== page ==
Caring About the Work

In the old full-service days, people never used to go into ‘media’. They went into advertising and specialised in media. Or they went into sales, and specialised in selling ad space or time.

When media agencies started, one obvious impact was the split with creative. Mind you it had always been there even inside the full-service agencies, simply as a function of human nature and practicality. For practical reasons, departments were physically silo-ed. Human nature determined that many media individuals simply didn’t understand and found it hard to mix with their creative counterparts (and vice-versa). Naturally there were exceptions; the true integrators were the ones who did well.

Specialisation and financial independence meant that over time the media-creative divide got worse rather than better.

Never mind, divide or no divide today it seems everyone is in ‘advertising’. Not just those involved in its creation, but those who sell it, who buy it, who plan it, even those who manage the technology that allows those buying it to buy it.

Many are too far removed from the creation of the advertising even to know what they’re placing, let alone how it came into existence.

Those involved (in the broadest sense) in the creative process understand their role in the team. A media professional’s part is about understanding where, when, how and to whom the message can most effectively be aimed.

I would say that’s pretty key, and should happen early on and as a major contributor to the creative process but I would also say that the form and content of the message trumps all. After all, the best media plan, the cheapest buy, the cleverest algorithm, the most amazing technology all count for nothing if the message is crap.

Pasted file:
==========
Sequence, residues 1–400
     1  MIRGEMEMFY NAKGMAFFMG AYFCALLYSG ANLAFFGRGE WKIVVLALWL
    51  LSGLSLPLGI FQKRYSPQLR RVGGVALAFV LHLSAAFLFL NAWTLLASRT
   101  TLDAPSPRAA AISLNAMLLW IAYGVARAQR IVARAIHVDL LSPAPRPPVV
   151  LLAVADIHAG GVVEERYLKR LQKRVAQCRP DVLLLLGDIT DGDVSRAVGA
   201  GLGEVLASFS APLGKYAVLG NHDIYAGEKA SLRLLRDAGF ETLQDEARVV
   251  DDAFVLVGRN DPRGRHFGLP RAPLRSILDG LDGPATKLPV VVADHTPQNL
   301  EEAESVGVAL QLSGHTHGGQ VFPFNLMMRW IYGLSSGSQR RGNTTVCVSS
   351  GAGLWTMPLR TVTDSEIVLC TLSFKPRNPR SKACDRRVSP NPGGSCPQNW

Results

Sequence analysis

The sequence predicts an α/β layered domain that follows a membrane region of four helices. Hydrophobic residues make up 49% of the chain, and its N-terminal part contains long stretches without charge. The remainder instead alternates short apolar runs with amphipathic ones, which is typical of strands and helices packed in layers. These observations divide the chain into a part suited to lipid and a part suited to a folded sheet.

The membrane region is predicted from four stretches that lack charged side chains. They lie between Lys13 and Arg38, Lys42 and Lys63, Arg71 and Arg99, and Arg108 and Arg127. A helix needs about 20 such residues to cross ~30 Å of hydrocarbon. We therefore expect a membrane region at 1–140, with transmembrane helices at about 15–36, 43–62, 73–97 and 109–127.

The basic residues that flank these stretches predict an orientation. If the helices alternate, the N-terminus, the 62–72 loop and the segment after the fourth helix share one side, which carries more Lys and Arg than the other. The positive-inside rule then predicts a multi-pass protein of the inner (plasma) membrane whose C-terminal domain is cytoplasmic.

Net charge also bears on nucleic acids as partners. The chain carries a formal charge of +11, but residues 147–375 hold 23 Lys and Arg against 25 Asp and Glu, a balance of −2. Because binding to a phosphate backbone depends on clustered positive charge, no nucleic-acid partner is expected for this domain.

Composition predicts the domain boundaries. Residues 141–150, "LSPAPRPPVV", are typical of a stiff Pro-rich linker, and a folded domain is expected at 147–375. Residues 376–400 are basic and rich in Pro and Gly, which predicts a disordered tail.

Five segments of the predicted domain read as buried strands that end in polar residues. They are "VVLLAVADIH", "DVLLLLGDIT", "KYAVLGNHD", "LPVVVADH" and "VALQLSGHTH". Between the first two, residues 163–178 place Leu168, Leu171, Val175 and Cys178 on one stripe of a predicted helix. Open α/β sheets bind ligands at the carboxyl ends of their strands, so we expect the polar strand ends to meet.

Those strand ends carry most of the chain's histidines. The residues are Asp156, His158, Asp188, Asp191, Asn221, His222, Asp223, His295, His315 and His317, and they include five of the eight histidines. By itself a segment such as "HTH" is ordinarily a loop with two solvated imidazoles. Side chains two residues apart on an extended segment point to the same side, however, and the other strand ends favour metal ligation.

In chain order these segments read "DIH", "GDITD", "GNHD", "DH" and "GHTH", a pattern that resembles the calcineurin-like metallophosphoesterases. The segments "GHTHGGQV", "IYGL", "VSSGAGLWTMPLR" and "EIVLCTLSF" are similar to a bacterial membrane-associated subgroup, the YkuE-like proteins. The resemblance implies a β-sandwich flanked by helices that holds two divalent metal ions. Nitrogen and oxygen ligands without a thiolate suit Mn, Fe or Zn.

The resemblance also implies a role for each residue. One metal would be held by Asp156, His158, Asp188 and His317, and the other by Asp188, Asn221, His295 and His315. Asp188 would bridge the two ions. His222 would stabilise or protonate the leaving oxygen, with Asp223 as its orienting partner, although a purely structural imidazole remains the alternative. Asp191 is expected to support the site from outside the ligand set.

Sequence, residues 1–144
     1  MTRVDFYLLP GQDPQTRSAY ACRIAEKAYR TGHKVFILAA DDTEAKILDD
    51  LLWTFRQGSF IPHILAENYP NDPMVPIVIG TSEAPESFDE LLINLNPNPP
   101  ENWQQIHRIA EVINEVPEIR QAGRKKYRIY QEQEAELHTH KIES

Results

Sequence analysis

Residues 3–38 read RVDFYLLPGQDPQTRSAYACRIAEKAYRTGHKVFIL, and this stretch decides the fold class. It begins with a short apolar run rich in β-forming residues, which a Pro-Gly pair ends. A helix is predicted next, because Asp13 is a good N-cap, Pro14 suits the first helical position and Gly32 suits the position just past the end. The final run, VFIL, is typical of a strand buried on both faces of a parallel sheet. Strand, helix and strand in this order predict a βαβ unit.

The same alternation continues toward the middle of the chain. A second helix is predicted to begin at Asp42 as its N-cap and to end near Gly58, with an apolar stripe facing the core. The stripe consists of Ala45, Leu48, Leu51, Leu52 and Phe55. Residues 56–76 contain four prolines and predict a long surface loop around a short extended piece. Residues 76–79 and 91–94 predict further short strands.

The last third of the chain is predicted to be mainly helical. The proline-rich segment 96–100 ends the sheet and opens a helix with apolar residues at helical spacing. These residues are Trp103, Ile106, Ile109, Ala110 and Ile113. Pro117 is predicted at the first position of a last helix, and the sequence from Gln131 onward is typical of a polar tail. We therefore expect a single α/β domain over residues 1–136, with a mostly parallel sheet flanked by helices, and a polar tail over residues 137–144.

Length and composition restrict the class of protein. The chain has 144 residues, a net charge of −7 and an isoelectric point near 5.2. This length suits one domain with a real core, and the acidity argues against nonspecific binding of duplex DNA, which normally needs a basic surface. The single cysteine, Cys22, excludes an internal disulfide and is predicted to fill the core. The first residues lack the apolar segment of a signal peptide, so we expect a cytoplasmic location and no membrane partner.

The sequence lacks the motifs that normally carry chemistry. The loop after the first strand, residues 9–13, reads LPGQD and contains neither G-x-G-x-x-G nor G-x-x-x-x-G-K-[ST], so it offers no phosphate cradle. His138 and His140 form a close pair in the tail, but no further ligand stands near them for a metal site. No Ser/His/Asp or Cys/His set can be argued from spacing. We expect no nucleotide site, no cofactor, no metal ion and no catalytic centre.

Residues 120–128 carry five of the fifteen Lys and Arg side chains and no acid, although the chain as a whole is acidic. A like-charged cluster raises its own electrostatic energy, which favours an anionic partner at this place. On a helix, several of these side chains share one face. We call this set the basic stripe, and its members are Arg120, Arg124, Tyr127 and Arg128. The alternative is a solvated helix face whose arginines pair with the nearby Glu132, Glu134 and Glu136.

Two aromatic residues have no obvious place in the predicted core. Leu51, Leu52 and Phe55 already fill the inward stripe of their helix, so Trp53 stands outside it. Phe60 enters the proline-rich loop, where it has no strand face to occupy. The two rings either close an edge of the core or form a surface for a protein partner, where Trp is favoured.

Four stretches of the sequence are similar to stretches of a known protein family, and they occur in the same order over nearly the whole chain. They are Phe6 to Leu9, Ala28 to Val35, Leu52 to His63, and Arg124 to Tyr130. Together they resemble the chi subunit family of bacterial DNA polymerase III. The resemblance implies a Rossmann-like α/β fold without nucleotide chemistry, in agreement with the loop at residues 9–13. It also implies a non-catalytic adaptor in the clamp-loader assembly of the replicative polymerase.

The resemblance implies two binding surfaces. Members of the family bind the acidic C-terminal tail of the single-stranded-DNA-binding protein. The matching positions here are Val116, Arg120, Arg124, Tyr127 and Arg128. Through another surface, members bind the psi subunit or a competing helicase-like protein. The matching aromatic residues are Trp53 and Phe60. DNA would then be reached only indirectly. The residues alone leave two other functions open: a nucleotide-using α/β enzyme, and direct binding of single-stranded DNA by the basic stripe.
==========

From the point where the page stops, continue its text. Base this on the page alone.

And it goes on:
Ad agency people have to care about the message. It’s their product. Media people need to understand everything about the message in order to do their jobs well. Sales people should at the very least care sufficiently to know what the message is.

You may be brilliant at technology or understand all there is to know about attribution and click-through rates. But these are a means to an end; the end is about making the message work as hard as possible.

In May 1947 Bill Bernbach wrote a letter to all staff at his agency, Doyle Dane Bernbach. Here’s part of what he wrote:

“There are a lot of great technicians in advertising. And unfortunately, they talk the best game. They know all the rules…They can give you fact after fact after fact. They are the scientists of advertising. But there’s one little rub. Advertising is fundamentally persuasion, and persuasion happens not to be a science, but an art.”

70 years later there may be more science than there used to be in advertising but it’s still more art than anything else.

Many years ago I led the team responsible for this ad for ‘The Observer’. I remember the media director at the agency (also my boss) telling me I had to produce a 30-second cut-down. I refused. We won awards (part of the strategy was to influence the agencies; having our ad played for free at award ceremonies was an efficient way to do that) and the whole campaign was a commercial success. No doubt if I had listened the media reach would have been higher.

Look at this ad for Audi. Exactly the same points about the car’s attributes could have been communicated by a guy standing in a room with a flip-board. Sadly I bet someone’s reading this and thinking about 2 second ads for FB featuring just that on the basis that 2 seconds is all you need. Believe me it wouldn’t work as well.

As a media guy you simply can’t become as good as you could be in an organisation focussed more on delivering margins, or science over great advertising. And yes, I know someone will say those things aren’t incompatible and in theory they’re right, but in practice the evidence is that they’re wrong.

Care about ‘the work’. If you don’t, can’t or couldn’t care less then you’re in something other than advertising.

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